Restaurant Owners Rescind Controversial Policy That Cut the Waitstaff’s Tips

A company that owns eight restaurants in Minnesota had instituted the plan to reduce its costs for paying a higher minimum wage.

Did you see this story when it first broke? After Minnesota passed a higher minimum wage, a restaurant owner tried to offset the cost by requiring servers to pay the 2 percent credit card fee when diners use plastic to pay for their tips.

Here’s an update: People complained. Now the owner has rescinded that policy and, in fact, is raising non-tipped employees’ wages above the new $8 minimum wage rate, the Star Tribune has reported.

An earlier story in the Star Tribune said that waitstaff at the eight Twin Cities restaurants owned by the Blue Plate Co. were flabbergasted that they would lose a portion of their tips. The owners said the higher minimum wage, plus rising costs that resulted from the Affordable Care Act, will cost them $1.25 million, the Star Tribune said.

Since most customers pay with credit cards, the hit to servers is estimated to be 2 percent of their tips, on top of the taxes they already pay. While that may not seem like much, one employee, who didn’t want to be named, said servers often live paycheck to paycheck, and every dollar matters.

“It’s their choice to accept credit cards, and the customers’ choice to pay with them, it’s not up to me,” the employee said, adding that credit card fees are simply the cost of doing business.

Minnesota’s new minimum wage law went into effect Aug. 1, immediately raising the minimum wage by 75 cents. Higher rates will be implemented over the next few years.

In addition to Blue Plate’s pledge to resume paying all credit card fees, the Star Tribune wrote:

Blue Plate’s owners, David Burley and Stephanie Shimp, also announced they will be offering an additional wage hike of their own to their non-tipped employees.

“We have always listened to our guests and our community,” Burley said in a statement. “We’ve reflected and decided to try a different approach that will give our communities a clear indicator of who we are as a business.”

That new in-house minimum wage for non-tripped employees will be $9.69 an hour beginning Sept. 1, the newspaper said.

Other restaurants around the country pass along credit card transaction fees to their servers. But the timing of Blue Plate’s policy change put them in the news.

Meanwhile, another restaurant owner in Minnesota has tacked a “minimum wage fee” to every restaurant check, The Huffington Post reports. It said the 35-cent surcharge was described by an owner of the restaurant as a way of “thumbing my nose at the law change.”

What do you think of requiring servers to pay credit card transaction fees? Would you rather see a price increase at a restaurant or a minimum wage fee tacked onto your bill? Share your comments below or on our Facebook page.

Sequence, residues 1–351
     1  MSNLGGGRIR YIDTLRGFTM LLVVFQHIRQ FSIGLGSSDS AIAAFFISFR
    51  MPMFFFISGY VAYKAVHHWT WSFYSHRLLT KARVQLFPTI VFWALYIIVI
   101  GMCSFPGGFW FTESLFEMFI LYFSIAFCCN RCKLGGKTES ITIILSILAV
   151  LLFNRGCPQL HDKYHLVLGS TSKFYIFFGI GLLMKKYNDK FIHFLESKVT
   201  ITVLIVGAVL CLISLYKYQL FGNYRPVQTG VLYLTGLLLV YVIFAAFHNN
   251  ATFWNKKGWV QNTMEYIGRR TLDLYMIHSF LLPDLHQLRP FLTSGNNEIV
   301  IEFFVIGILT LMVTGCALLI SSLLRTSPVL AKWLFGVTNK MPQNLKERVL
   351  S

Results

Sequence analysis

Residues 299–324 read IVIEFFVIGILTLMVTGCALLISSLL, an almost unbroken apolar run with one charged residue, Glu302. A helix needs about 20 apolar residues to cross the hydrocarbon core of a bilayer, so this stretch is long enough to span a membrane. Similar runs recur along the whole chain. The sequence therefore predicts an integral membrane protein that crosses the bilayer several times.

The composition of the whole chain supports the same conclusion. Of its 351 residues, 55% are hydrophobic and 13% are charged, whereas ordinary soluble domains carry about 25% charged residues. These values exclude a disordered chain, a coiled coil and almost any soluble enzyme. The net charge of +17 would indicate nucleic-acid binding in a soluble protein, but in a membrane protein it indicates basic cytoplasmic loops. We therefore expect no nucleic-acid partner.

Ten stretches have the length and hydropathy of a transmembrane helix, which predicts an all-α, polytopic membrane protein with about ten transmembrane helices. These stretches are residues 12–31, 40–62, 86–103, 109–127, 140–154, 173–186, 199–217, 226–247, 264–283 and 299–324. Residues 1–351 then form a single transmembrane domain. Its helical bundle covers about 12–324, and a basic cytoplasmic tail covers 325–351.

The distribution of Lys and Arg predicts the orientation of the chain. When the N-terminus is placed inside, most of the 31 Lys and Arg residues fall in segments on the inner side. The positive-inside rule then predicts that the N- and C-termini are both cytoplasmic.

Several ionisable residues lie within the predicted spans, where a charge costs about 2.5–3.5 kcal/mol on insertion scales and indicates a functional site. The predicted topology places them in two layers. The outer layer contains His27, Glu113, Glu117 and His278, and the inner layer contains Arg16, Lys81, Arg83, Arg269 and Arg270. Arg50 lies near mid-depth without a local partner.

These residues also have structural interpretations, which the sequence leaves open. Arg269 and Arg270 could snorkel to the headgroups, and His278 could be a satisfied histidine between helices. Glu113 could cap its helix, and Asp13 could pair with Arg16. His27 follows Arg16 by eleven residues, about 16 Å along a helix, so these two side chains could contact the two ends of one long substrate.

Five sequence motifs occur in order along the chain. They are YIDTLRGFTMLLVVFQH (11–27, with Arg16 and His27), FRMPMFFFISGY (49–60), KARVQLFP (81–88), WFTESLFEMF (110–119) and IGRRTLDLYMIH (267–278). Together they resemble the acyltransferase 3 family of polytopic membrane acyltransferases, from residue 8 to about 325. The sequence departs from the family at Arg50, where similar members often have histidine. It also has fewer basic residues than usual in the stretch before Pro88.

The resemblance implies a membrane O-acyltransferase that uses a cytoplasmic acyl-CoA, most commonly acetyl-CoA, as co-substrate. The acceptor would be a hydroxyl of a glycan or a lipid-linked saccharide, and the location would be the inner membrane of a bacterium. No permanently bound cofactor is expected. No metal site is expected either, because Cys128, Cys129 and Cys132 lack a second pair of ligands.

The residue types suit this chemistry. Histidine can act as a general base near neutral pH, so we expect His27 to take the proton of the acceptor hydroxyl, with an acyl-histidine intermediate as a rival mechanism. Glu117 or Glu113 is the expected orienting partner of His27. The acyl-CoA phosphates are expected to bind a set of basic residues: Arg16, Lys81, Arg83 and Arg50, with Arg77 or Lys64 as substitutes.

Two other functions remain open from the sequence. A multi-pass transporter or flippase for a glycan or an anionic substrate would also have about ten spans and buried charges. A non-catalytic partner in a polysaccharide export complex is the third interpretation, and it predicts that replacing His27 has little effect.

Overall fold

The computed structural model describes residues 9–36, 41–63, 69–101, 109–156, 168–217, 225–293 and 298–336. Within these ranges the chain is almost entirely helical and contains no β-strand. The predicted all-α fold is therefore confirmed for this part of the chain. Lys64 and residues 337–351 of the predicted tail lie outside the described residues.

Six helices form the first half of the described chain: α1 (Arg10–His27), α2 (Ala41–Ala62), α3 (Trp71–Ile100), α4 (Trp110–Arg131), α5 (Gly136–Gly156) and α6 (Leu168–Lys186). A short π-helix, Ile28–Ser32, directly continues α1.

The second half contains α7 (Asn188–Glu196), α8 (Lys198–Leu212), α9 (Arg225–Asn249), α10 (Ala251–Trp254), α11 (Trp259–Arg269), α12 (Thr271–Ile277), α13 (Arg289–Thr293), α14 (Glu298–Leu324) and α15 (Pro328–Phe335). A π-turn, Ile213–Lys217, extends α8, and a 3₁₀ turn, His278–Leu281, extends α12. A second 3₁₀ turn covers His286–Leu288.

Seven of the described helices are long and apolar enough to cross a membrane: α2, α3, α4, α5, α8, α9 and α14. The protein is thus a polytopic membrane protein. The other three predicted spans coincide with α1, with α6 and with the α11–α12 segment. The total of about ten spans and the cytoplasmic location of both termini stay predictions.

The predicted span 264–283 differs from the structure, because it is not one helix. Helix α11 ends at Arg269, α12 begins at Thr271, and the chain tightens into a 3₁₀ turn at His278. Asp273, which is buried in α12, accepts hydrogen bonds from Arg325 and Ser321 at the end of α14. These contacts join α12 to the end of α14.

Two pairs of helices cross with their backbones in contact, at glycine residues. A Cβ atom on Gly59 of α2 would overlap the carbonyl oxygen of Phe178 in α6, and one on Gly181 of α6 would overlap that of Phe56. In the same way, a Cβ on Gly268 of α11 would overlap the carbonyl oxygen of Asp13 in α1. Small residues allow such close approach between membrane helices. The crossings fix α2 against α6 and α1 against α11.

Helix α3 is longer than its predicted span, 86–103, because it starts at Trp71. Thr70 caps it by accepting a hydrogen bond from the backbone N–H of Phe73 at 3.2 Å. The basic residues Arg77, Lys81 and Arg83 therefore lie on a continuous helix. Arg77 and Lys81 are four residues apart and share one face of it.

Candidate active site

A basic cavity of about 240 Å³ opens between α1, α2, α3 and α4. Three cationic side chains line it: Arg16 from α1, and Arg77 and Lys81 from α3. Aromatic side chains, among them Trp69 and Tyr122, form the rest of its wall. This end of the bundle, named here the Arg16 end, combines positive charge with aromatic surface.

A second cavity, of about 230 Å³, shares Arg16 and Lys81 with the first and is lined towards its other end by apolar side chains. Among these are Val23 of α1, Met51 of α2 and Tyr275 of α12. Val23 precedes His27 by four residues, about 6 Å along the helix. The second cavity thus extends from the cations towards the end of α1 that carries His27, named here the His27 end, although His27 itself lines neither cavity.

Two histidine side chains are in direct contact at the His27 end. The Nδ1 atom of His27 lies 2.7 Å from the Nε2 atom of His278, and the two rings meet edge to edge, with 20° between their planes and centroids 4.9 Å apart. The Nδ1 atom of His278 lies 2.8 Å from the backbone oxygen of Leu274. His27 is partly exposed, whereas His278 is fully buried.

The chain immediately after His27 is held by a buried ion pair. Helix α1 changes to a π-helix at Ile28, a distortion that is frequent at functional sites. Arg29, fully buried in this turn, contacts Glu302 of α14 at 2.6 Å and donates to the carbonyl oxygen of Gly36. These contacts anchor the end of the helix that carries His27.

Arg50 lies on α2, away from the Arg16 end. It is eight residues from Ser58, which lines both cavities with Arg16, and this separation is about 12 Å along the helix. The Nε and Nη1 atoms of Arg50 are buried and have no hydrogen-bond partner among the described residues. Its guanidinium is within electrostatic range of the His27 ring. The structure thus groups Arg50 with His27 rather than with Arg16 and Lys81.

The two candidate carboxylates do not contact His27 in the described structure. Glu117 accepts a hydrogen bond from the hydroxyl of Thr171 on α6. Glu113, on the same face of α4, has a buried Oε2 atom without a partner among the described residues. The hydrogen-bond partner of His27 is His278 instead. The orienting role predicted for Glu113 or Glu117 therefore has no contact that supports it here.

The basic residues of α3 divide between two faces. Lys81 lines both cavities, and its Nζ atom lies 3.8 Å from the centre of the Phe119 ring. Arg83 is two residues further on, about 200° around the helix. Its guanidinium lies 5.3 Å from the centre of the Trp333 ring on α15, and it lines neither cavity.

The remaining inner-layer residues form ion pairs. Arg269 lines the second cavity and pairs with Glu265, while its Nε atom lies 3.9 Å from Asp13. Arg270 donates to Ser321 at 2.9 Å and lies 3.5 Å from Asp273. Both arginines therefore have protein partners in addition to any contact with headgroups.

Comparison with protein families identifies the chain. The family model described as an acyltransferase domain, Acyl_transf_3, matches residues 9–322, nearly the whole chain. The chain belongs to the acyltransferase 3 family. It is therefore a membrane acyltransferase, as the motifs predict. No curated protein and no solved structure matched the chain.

Stacy Johnson

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  • MrsNCLB

    i actually had no idea that they would even consider that…..
    this is really shameful and just sad…. money truly is the root of all evil…. if a business owner was good to his employees, then in a time of need, the employees would do what they could to help out right? noone else would care…. but in todays times, all the owners just seem to care about is the money… there is no way that i could charge the employees the fee for paying with a debit/credit card and live with myself… that is just pure greed to me….. there a “fees” that go along with having a business and most of them are tax write offs…. what can the workers write off? the owners of these restaurants should be accountable and responsible for their business… its not the employee that should have to suffer…after all, the employees just work there! Very sad….

  • Chuck

    Please print the names and locations of all restaurants engaging in this behavior. I do not want to spend my dining money at any restaurant that engages in the greedy behavior.

  • irisheyes57

    They should be ashamed of themselves. I also would like to have a list of restaurants that do that. I would never eat there. It’s so sad. It’s a shame they can’t all just walk out. The waitresses are what makes your visit pleasant or miserable. We mostly have very pleasant happy server.

  • TeeTime

    It said the 35-cent surcharge was described by an owner of the restaurant as a way of “thumbing my nose at the law change.”

    35 cents is a small price to pay to help someone earn a living wage.

    • Don Lowery

      If the owner of the restaurant is this cheap…as well as stupid…why not just have the state tax agency just tack on the same amount of the total of this “fee” to the business taxes of anyone stupid enough to try it? Being a restaurant…the owner can close or move. This way…they can see what it feels like to have someone steal from them for their stupidity.

  • Al Seaver

    How much do you want to bet that the real reason that they changed their mind was a sudden sharp drop in business and workers threatening to quit due to their greedy stunt?

  • Ramon O

    If my friends and I have a dinner costing $100, I shall tip the waiter (my son) $5,000 using my Credit Card, or a total of $5,100 on the bill. My son gets his wages plus the 5,000, which he returns to me. I wind up spending only $100 for the dinner. The restaurant owner receives $100 for the dinner, but has to pay $100 as the 2% Credit Card fee. So the poor guy gets nothing for feeding me and my friends.

    • Patrick Seitz

      Yes, this totally real and definitely not made-up situation you described is very common and getting out of hand. Something should be done about this problem that absolutely exists.

    • Baja Pete

      Your son would have to pay payroll taxes and federal income tax on his $5,000 tip. Thus he would only be able to return to you about $4,000.

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